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Hotel Prices Rising, But Still Not Exorbitant

Steep peak-season price increases skew the average for Moscow rooms. Vladimir Filonov

The number of quality hotel rooms in Moscow is expected to grow 6 percent this year to 32,500, as several international hotel chains plan to put eight big projects into commission, a consulting company said Monday.

By while Moscow is gaining popularity as a tourist destination, the city authorities and analysts said its hotel rates remain below the average for other European capitals like Paris and London.

Among the hotels expected to be completed this year are the five-star Four Seasons Moscow — formerly Hotel Moskva — near the Kremlin and Kempinsky Hotel Nikolskaya, Novotel in Moskva-City, two Hilton hotels and Mercure Arbat in the four-star category, as well as Azimut and a hotel complex in Vnukovo Airport ranked three stars, Knight Frank said in a survey.

The new hotels are expected to add up to 1,884 new rooms to the city's capacity, bringing the total number to 32,500 rooms, the survey said.

Several international hotel giants, such as Hilton, InterContinental and Radisson, plan to expand their local presence, betting on Moscow becoming popular among foreign and domestic tourists.

Moscow is becoming an attractive destination for event tourism, as the city's hotels saw 100,000 guests including foreigners during the New Year's holidays — about 10 percent more than a year ago, Sergei Shpilko, head of City Hall's tourism and hotel industry committee, said earlier this month.

Growing demand among both domestic and foreign travelers resulted in the city outdoing European capitals like Paris and London by the size of hotel rates in November, according to a survey by hotel booking service Hotel.info.

The Germany-based company ranked Moscow No. 1 earlier this month on its list of European cities with the highest room rates.

The average rate in Moscow increased 8.35 percent in November compared with the same period in 2010 to reach 7,684 rubles per night ($245), followed by Oslo and London, according to Hotel.info.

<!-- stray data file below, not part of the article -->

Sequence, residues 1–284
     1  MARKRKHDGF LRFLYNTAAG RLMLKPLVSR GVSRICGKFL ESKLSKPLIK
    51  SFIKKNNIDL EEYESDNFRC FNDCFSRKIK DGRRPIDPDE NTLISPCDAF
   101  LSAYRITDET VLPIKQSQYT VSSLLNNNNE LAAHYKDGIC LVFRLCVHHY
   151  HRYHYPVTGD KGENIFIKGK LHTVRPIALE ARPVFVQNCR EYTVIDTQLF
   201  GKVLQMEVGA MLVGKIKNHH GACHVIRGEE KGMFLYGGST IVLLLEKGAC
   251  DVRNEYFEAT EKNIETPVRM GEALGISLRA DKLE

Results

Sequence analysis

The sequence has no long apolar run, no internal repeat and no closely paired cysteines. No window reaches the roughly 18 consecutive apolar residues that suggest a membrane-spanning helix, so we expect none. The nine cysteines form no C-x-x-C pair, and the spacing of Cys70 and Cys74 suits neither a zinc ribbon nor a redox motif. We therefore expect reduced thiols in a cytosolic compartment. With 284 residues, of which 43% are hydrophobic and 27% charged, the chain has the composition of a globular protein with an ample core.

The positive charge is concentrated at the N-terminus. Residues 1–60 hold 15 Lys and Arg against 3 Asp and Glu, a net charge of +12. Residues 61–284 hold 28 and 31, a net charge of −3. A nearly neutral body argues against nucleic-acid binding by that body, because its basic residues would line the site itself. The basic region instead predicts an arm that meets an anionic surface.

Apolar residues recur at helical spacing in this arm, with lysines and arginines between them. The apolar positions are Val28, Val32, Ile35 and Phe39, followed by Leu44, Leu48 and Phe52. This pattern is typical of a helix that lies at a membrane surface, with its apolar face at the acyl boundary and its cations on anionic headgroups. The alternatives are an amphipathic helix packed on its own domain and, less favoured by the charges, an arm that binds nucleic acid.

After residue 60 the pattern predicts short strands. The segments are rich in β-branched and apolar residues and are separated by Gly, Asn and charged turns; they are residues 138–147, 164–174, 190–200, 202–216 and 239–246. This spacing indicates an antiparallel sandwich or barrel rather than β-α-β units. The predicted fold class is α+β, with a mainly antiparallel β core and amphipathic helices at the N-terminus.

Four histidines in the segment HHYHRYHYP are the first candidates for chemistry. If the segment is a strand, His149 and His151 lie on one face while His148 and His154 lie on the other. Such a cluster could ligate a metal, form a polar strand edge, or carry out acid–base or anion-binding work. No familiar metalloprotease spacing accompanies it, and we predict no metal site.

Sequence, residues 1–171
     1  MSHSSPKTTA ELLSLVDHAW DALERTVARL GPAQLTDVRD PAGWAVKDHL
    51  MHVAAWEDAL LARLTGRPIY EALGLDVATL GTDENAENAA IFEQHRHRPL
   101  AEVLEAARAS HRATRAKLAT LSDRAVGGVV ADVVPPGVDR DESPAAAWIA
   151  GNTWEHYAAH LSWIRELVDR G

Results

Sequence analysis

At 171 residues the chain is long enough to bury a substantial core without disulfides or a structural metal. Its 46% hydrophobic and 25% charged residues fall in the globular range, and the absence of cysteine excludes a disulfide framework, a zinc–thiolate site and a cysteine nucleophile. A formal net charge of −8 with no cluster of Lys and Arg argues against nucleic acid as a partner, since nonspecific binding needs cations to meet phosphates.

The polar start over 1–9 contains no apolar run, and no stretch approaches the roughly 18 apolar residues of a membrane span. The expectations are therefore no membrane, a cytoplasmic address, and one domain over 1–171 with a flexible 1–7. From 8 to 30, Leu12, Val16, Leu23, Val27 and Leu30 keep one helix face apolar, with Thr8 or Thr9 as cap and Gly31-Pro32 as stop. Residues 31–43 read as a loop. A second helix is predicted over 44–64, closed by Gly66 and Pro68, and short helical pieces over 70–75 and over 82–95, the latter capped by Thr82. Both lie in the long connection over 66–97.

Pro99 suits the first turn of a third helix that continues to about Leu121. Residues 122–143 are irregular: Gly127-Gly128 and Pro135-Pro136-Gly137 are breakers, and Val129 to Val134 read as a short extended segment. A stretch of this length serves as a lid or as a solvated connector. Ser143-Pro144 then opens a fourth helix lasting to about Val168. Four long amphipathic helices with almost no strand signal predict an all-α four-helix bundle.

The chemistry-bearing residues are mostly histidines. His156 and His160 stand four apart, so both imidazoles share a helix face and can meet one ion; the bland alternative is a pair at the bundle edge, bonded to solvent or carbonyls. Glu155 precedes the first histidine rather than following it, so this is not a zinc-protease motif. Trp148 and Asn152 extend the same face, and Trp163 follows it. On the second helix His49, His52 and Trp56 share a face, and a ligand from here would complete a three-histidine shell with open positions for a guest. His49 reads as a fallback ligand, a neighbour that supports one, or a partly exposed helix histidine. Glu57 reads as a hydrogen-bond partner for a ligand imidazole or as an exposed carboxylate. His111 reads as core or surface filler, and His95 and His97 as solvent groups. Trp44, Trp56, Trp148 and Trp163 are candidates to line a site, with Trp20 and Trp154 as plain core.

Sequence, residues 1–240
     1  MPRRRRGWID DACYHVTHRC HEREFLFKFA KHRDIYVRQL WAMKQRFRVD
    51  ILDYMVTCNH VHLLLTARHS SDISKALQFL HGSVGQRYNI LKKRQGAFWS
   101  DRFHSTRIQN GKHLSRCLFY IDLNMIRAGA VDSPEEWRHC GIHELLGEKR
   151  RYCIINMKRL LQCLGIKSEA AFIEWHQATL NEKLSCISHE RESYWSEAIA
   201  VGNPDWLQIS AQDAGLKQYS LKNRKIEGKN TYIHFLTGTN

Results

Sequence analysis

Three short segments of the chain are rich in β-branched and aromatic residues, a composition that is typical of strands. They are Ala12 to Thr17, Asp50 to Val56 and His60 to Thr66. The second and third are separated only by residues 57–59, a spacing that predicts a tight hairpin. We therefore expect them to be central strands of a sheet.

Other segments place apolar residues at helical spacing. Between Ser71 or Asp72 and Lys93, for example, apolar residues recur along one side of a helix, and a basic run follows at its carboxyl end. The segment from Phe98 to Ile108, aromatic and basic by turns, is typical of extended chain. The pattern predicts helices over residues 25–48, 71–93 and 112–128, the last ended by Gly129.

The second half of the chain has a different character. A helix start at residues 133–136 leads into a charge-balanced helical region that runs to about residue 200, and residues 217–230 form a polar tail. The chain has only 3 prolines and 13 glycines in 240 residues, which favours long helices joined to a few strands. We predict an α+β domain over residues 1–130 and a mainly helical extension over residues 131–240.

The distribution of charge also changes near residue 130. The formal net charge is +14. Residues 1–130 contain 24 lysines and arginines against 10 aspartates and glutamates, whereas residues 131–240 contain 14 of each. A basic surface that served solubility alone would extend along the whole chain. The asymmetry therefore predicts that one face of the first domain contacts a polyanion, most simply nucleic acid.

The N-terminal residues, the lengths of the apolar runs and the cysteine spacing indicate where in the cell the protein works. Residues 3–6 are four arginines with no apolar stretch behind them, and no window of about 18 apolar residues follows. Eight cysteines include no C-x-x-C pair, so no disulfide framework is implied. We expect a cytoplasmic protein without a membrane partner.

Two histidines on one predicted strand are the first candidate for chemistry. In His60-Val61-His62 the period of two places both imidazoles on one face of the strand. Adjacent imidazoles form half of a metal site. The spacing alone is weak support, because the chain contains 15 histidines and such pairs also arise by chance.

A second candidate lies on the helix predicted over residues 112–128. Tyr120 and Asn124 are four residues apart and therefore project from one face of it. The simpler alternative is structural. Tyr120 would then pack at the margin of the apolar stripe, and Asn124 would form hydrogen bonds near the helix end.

The company polled guests booking rooms in hotels of all categories in European capitals with a population of 500,000 or more.

Moscow is a popular destination among domestic and foreign tourists and business travelers — just like London or New York, with high demand and cost of living pushing hotel prices up, Hotel.info said in e-mailed comments.

But Marina Smirnova, senior vice president at Jones Lang LaSalle Hotels, argued that the city's hotels are by far not the most expensive in Europe, with Paris being one of the undoubted leaders.

The room rates in three-star to luxury five-star hotels in Moscow averaged $195.80 per night in November, up from $176.20 per night in the same month in 2010, according to Jones Lang LaSalle's calculations.

The average rate in Paris reached $303.13 per night, while figures in Geneva and London stood at $297.60 and $222.24 per night, respectively.

"Paris boasts a higher quality of luxury hotels, and demand for Paris as a destination is higher than for Moscow," Smirnova said.

The average monthly load in Moscow is about 65 percent, while in Paris it exceeds 70 percent, she said by telephone.

City Hall's Shpilko said rankings by booking services don't reflect the real situation because they are usually based on the prices in the high season that lasts for three to four months, when business tourism in Moscow peaks.

"Moscow is really a leader in Europe by certain price categories at this time," Shpilko said, adding that these rates can't be considered typical.

Calculations by hotel-booking services usually don't take into account discounts provided by hotels and tariffs for corporate clients, which also decrease the rates, said Anna Shvetskova, an analyst with Knight Frank.

Moscow ranked fifth after Paris, London, Amsterdam and Rome by the average size of hotel rates last year, according to the company's survey.

Meanwhile, analysts expect growing demand to be one of the major drivers for hotel rates this year.

Dollar-denominated hotel prices are expected to increase about 5 percent this year, since hotels are likely to annul discounts for corporate clients amid growing demand, Smirnova said.

Demand is likely to increase due to growing business activity as the country's economy grows, and hotels might try to win back income after prices fell during the financial crisis in 2009 and 2010, she said.

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